Restaurant News

Feeding the Soul: Houston Black Bloggers and Fainmous Barbecue

Photo by Lorretta Ruggiero
A bourbon-filled cocktail gets the party started.

Houston Hosts Black Bloggers held its inaugural event over the weekend. Highlights included a lunch at Mico's Hot Chicken October 22 and a media preview at Fainmous Barbecue October 23. In addition to local Black bloggers like KeAndre' Jordan from My Southern Brand, there was a select group of Black bloggers attending from cities like New York,  Chicago, Washington D.C. and Dallas.
click to enlarge Karen and James Fain stand with Vicky V. of Houston Hosts. - PHOTO BY LORRETTA RUGGIERO
Karen and James Fain stand with Vicky V. of Houston Hosts.
Photo by Lorretta Ruggiero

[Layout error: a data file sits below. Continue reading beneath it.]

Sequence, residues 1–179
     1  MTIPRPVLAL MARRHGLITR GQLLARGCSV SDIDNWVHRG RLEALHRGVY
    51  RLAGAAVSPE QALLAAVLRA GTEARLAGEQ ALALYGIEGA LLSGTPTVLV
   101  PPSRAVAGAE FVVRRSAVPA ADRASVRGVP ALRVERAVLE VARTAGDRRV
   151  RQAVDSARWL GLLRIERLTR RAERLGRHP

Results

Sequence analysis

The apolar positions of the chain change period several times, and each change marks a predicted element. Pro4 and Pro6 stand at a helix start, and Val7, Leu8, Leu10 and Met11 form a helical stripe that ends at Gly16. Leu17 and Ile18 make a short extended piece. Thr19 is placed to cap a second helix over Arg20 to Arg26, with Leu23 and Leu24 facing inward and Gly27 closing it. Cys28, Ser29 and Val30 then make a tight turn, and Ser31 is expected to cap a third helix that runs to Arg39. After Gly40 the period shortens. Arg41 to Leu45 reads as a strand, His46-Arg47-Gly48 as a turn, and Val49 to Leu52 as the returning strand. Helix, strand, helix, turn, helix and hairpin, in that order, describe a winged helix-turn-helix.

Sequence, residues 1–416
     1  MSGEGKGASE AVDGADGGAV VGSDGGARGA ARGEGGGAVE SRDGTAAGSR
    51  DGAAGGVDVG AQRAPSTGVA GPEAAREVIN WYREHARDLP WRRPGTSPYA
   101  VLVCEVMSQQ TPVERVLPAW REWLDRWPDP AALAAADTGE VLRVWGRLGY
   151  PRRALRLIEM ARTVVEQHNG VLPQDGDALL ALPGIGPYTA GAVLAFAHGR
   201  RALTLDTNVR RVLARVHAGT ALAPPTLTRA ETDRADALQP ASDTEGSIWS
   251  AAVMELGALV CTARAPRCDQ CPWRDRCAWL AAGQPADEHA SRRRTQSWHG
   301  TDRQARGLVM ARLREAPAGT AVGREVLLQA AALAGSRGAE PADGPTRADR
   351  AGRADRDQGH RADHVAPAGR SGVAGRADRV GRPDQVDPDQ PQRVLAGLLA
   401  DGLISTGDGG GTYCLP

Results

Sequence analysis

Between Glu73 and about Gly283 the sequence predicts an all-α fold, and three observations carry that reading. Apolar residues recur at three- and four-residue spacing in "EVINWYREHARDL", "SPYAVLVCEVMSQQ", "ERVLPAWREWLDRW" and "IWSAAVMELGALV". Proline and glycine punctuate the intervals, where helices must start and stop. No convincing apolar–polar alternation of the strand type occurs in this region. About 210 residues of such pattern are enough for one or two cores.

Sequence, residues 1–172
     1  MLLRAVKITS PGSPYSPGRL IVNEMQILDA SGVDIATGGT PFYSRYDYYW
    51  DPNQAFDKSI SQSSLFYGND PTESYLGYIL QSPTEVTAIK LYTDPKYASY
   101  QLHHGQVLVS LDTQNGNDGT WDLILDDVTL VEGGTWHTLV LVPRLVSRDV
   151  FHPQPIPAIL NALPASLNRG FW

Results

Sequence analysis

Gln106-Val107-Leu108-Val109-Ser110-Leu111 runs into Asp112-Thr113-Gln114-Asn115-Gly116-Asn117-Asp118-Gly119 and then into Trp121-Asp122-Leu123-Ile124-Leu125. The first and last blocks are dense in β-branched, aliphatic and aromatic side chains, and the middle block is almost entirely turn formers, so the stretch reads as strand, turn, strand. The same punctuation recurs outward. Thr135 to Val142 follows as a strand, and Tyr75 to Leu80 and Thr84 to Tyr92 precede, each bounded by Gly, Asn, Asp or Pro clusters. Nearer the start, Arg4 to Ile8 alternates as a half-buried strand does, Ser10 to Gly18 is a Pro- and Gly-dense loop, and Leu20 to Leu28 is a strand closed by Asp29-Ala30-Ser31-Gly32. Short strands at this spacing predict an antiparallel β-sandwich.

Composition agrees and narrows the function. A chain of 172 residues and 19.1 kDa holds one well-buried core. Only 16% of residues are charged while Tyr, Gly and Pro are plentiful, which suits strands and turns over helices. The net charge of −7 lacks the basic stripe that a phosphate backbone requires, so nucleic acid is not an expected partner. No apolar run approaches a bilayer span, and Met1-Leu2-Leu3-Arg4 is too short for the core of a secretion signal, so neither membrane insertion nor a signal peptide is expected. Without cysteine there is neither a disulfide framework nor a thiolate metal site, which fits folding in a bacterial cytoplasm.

Houston Hosts Black Bloggers was created by Vicky V., also known as "The Queen of Yum." Vicky V. has a professional history with food from being a chef to working as a food stylist. Prior to the event, Vicky V. appeared on Good Morning with Misti. B, along with blogger Grundy Wiley of Bless Tha Belly, to discuss the new event meant to showcase the the best of Houston's Black business, dining and cultural experiences to other Black tastemakers and social media entrepreneurs. Vicky V. told the host, Misti Buard, that the first ever Houston Hosts Black Bloggers was private this year and by invitation.